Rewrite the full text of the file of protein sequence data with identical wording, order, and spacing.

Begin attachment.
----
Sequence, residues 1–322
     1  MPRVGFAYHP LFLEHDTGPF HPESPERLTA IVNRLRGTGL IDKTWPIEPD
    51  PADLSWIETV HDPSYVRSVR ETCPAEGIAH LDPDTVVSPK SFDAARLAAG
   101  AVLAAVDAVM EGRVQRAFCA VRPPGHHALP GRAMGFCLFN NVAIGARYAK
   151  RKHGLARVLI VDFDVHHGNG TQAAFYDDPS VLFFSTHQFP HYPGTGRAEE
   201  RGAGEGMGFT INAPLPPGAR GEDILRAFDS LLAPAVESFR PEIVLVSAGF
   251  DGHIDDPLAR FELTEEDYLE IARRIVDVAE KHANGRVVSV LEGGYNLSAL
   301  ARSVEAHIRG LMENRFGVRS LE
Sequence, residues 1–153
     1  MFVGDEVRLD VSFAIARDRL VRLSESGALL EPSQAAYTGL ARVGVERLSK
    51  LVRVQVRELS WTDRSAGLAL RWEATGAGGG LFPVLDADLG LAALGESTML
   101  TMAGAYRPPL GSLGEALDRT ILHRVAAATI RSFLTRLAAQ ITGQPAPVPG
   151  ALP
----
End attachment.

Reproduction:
Sequence, residues 1–322
     1  MPRVGFAYHP LFLEHDTGPF HPESPERLTA IVNRLRGTGL IDKTWPIEPD
    51  PADLSWIETV HDPSYVRSVR ETCPAEGIAH LDPDTVVSPK SFDAARLAAG
   101  AVLAAVDAVM EGRVQRAFCA VRPPGHHALP GRAMGFCLFN NVAIGARYAK
   151  RKHGLARVLI VDFDVHHGNG TQAAFYDDPS VLFFSTHQFP HYPGTGRAEE
   201  RGAGEGMGFT INAPLPPGAR GEDILRAFDS LLAPAVESFR PEIVLVSAGF
   251  DGHIDDPLAR FELTEEDYLE IARRIVDVAE KHANGRVVSV LEGGYNLSAL
   301  ARSVEAHIRG LMENRFGVRS LE
Sequence, residues 1–153
     1  MFVGDEVRLD VSFAIARDRL VRLSESGALL EPSQAAYTGL ARVGVERLSK
    51  LVRVQVRELS WTDRSAGLAL RWEATGAGGG LFPVLDADLG LAALGESTML
   101  TMAGAYRPPL GSLGEALDRT ILHRVAAATI RSFLTRLAAQ ITGQPAPVPG
   151  ALP